The proposed tools and indicators must continue to be developed in order to provide the organisations that participate in it with a useful tool for self-diagnosis and the identification of important areas for improvement. REAS RdR trusts that the information obtained will contribute to transferring to the citizens the proposals behind the social and alternative economic model, and the need to continue betting on it.


MECISE: European energy cooperatives join forces!
February 14, 2019
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Enercoop article of 29 January 2019

For nearly 4 years, Enercoop and its partners in the European REScoop MECISE project have been working together to develop and strengthen citizen renewable energy projects in France, Belgium, Spain and the United Kingdom.

More specifically, the project aims to directly support the development of new citizen renewable energy production projects and to explore new innovative solutions for financing these projects at European level.

The REScoop MECISE (Renewable Energy Sources COOPeratives Mobilizing European Citizens to Invest in Sustainable Energy) project has been funded under the Horizon 2020 programme of the European Agency for Small and Medium Enterprises since early 2015. It will end on 28 February 2019 and the public conclusions of this project were presented on 22 January at a conference at the Musée des Sciences naturelles in Brussels (Belgium).

This conference was also an opportunity for Enercoop and its partners Courant d’Air (Belgium), Ecopower (Belgium), Energy4All (United Kingdom) and Som Energia (Spain) to officially announce the creation of the European cooperative REScoop MECISE, or Mutual for Energy Communities Investing in a Sustainable Europe. This European cooperative, a concrete and sustainable outcome of the European project, has as its social objective to promote the European energy transition to energy democracy.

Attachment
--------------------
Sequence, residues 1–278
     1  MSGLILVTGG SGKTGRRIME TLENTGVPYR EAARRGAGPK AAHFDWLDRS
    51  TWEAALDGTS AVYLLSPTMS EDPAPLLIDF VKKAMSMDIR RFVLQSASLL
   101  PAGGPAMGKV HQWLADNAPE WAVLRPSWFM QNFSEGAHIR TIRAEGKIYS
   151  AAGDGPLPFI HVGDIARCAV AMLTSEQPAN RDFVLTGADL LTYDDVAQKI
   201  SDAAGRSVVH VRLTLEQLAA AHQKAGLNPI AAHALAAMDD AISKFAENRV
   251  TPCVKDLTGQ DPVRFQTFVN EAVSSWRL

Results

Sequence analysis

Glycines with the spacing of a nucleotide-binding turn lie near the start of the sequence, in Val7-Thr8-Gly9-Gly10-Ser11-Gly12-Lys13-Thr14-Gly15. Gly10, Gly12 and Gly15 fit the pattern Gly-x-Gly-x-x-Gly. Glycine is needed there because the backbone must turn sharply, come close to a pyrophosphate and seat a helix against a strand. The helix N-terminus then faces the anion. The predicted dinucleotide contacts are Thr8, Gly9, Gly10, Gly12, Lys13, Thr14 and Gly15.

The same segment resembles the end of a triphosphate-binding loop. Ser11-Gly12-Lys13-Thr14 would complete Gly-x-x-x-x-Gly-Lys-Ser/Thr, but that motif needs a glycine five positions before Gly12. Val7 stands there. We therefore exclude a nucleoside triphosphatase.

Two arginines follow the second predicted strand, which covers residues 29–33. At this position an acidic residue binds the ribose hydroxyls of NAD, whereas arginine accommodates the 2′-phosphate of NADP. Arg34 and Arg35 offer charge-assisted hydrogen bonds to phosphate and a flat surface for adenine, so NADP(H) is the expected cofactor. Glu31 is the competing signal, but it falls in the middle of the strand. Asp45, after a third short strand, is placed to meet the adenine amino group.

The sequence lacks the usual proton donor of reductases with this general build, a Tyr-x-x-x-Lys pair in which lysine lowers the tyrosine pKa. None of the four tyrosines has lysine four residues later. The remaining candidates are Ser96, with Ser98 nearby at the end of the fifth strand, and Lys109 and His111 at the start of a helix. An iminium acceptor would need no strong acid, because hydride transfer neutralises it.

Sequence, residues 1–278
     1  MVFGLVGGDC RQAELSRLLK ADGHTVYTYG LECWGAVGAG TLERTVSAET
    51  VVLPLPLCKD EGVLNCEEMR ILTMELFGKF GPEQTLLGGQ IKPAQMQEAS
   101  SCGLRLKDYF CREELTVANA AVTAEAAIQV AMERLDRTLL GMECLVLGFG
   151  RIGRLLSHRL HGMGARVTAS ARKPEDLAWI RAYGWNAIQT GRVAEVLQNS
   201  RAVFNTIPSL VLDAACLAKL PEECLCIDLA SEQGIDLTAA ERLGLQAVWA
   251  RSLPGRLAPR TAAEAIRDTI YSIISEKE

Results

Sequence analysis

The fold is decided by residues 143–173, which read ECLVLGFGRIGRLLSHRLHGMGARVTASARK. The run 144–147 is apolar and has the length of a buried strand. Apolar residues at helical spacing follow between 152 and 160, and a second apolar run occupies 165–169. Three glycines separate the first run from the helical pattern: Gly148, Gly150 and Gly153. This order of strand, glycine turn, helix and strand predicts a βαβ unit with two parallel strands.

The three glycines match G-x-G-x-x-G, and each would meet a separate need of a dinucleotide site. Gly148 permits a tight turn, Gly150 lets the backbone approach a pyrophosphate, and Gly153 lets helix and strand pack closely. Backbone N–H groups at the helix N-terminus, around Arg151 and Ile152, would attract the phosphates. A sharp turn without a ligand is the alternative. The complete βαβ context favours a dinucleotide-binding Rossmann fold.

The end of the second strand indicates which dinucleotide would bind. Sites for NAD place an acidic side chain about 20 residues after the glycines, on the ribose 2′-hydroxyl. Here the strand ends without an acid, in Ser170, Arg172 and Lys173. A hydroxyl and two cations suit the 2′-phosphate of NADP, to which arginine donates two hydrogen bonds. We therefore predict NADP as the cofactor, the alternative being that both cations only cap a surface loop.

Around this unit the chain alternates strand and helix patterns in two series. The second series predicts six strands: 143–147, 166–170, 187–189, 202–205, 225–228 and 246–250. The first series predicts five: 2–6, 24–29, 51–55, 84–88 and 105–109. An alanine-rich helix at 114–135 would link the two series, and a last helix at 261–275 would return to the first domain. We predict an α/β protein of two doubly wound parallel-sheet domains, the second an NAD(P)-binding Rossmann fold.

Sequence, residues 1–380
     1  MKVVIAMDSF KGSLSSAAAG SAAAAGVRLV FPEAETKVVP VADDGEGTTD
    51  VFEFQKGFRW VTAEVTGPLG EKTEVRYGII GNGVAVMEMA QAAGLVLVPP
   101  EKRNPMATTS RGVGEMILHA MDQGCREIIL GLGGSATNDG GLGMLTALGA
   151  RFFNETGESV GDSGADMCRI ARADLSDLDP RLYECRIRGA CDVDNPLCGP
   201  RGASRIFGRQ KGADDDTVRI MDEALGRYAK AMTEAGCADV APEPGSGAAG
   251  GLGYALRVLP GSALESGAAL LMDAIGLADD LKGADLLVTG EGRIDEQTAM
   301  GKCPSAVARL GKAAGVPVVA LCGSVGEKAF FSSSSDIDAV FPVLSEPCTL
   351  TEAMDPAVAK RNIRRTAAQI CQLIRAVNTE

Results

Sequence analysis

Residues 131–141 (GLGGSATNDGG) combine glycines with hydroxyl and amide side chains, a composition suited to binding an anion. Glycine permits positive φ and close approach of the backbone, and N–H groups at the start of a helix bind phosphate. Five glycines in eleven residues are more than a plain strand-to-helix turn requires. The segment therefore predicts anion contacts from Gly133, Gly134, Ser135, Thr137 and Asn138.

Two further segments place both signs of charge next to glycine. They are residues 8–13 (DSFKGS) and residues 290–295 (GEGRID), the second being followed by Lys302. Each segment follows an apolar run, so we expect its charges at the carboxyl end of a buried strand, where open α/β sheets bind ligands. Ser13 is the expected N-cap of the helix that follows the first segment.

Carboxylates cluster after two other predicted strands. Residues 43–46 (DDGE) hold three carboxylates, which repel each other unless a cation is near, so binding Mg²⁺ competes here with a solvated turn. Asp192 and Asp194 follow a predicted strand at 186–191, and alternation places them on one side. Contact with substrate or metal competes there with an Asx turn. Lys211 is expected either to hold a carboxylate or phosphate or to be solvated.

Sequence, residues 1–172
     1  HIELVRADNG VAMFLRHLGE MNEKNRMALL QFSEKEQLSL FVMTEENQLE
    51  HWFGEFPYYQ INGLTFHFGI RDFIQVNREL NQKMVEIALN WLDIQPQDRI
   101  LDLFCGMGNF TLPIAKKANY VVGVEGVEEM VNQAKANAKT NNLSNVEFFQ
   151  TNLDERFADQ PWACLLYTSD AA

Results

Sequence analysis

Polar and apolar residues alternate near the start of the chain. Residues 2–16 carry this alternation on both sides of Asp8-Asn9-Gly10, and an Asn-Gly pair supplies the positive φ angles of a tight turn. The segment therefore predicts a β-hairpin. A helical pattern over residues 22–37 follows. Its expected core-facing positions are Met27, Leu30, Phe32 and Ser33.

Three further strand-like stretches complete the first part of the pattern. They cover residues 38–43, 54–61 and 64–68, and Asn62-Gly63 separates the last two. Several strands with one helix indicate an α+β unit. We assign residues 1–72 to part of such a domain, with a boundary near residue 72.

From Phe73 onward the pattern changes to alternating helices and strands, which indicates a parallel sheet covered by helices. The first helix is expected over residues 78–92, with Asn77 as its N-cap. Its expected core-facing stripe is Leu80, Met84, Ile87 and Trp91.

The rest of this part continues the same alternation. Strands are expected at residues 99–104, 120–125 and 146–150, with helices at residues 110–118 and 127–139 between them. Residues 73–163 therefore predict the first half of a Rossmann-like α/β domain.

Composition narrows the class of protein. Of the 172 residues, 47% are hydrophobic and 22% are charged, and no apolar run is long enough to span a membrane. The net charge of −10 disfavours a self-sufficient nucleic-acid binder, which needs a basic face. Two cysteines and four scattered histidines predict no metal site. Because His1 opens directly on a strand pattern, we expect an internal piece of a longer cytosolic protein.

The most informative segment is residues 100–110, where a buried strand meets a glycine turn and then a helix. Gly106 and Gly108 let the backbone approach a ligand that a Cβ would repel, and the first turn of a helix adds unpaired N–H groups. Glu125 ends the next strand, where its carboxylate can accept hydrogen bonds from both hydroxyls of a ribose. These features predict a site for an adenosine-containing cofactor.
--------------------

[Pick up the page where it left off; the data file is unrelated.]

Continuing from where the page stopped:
To this end, the European cooperative will provide financial facilitation services, mainly in the form of equity financing for renewable energy production projects and should raise funds at European level to support renewable energy cooperatives in Europe

Going beyond simple financial cooperation, REScoop MECISE is clearly in line with the logic of the social and solidarity economy by putting financial tools directly at the service of citizen energy. For Enercoop, the event on 22 January marks both the culmination of several years of work on the design of this new tool and the beginning of a great adventure of solidarity between European partners.

Towards a European Republic
February 14, 2019
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Deviant art by nederbirdhttps://www.deviantart.com/nederbird/art/European-Federation-98402973

Alain Caillé is Professor Emeritus of Sociology at the University of Paris Ouest Nanterre La Défense. He co-founded the MAUSS (Mouvement Anti-utilitariste dans les sciences sociales) in 1981, and has been editor of the MAUSS Journal since its foundation. In June 2013, Alain Caillé and Marc Humbert created the Convivialiste Manifesto, a text signed by some sixty personalities from all over the world. He is the leader of the Convivialistes’ Movement (www.les convivialistes.org) and the Club des convivialistes.

The European project has not made us dream for a long time. It included two promises. By transcending the borders of nation states, it had to guarantee a perpetual peace. By creating a large market, unified by a common currency, it had to ensure economic prosperity. The first promise may seem to have been kept, but for how long? Europe is in fact divided into six or seven blocs of countries, each with its own unstable contours and deeply divergent interests. The unanimity rule prohibits any consistent political project and therefore any significant concrete progress in any field whatsoever. This is not without explaining why the second promise has hardly been kept or is no longer kept. In the absence of common economic, financial, social, technical, energy, scientific, diplomatic and military policies (except in fragments), Europe is losing ground to Markets and tax havens, to the United States, Russia and emerging powers, particularly China, whose hegemonic aims are no longer a secret. Europe does not speak to the world and no longer even speaks to itself.

Three emergencies